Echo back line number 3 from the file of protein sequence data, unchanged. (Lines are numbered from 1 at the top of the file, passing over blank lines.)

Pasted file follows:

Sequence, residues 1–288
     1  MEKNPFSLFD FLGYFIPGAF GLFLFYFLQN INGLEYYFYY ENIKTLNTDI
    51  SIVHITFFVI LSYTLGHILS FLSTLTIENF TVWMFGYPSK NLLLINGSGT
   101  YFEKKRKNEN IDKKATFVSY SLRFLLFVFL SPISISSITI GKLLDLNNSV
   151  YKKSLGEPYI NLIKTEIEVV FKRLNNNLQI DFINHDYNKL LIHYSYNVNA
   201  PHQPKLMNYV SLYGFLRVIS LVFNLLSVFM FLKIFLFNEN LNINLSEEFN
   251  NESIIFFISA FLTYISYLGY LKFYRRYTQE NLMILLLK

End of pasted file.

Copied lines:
    51  SIVHITFFVI LSYTLGHILS FLSTLTIENF TVWMFGYPSK NLLLINGSGT